”The submarine service, that’s the silent service,” says Crimson Tide screenwriter Michael Schiffer. Yet sheer persistence got him aboard our nuclear subs and into U.S. Navy training facilities, where he copied down every word he could. And even though Schiffer was cautioned that he’d compromise national security if some of his dialogue weren’t changed, he kept the words as true as possible. ”We just let it fly,” he says. ”The audience might not understand at every moment, but they’ll know it’s real when they hear it.”
To help anchor viewers, we asked Schiffer and Crimson Tide technical adviser Capt. Skip Beard, USN ret., to brief us on a few terms:
THE COB Chief of the Boat, a sub’s senior enlisted man.
THE CONN Short for conning tower, it’s the sub’s ”driver’s seat.”
ZERO BUBBLE ”That’s like a carpenter’s level,” Schiffer explains. ”When you’re diving, you angle the ship, like five degrees down bubble, and if you want to level off, you say ‘zero bubble.”’ But that’s only if you have the Conn.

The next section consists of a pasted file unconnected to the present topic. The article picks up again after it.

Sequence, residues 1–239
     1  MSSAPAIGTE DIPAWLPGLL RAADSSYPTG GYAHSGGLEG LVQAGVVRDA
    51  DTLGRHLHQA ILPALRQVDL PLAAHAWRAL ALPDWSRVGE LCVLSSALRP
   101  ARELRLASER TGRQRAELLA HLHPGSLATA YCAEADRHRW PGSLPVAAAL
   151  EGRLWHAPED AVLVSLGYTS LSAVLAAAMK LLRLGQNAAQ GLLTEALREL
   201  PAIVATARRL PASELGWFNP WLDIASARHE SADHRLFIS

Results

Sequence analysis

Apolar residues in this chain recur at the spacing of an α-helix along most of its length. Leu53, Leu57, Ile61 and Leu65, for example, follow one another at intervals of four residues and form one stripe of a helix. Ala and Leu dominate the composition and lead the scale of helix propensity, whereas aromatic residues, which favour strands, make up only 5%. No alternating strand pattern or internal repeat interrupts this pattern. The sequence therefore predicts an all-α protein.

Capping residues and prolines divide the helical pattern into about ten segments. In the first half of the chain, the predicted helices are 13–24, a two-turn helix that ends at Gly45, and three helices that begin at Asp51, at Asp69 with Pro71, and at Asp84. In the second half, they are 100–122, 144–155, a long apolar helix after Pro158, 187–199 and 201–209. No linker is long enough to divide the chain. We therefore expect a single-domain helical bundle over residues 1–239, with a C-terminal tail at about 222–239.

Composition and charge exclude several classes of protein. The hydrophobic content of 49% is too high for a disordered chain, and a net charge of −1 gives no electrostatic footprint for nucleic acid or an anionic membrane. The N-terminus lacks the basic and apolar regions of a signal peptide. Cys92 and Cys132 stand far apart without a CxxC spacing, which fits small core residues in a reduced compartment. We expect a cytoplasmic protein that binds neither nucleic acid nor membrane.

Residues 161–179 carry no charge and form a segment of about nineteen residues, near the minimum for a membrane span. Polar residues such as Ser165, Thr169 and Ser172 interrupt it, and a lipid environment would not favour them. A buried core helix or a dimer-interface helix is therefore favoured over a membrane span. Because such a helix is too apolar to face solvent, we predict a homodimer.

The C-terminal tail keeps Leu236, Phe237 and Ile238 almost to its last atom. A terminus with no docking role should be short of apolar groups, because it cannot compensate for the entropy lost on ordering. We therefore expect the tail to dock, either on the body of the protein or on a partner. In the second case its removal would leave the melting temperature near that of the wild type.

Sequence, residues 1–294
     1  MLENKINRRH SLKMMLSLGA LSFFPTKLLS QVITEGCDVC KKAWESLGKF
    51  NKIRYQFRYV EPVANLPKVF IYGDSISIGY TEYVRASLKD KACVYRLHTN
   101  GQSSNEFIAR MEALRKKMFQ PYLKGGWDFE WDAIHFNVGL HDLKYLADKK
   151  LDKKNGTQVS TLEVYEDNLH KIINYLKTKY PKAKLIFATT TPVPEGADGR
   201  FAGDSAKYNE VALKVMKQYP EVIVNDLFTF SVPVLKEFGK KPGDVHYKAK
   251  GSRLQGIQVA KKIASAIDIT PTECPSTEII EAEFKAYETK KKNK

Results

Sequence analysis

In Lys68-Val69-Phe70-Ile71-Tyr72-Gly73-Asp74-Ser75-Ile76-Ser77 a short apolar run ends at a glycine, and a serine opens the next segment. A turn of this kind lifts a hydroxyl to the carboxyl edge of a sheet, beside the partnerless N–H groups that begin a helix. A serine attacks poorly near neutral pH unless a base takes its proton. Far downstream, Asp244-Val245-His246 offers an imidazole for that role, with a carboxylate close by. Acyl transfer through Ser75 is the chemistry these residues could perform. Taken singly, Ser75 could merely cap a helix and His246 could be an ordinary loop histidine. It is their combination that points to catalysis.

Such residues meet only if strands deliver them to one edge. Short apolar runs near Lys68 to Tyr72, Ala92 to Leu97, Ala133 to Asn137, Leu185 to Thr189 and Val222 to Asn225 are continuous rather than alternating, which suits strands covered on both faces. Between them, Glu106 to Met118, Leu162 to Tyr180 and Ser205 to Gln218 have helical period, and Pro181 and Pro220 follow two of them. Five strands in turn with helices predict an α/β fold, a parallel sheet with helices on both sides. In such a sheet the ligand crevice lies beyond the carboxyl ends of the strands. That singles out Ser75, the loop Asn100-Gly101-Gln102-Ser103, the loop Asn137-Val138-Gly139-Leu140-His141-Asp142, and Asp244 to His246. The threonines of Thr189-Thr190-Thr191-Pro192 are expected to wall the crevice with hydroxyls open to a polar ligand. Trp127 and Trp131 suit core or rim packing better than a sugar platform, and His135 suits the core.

SET CONDITIONS FOR 1SQ The highest degree of preparedness, 1SQ means missiles are ready to fire (a sub at base is at 4SQ). What do S and Q mean? ”I don’t know, frankly,” says Beard and neither does a baffled U.S. Navy spokesperson.
RIG FOR ULTRAQUIET ”It means there’s somebody out there,” Schiffer says. ”So you turn the music off, you shut the ship down, except for essential activity.”
CAVITATE! ”That’s full speed,” says Schiffer. ”The captain’s saying, ‘Crank it to the max, I don’t care if we make any noise, we have to get the hell out of here.”’ The verb refers to the making of cavities — bubbles — by a propeller at high speed.
BROADBAND CONTACT BEARING 0-4-7 … TRACKING IN ATF ”Out of all that garble,” Schiffer says, ”you know two things: We got a submarine and we don’t know who it is. And when you see a sonar crew get nervous, you know damn well there’s a sub up there.”
And you don’t need subtitles to know that means trouble.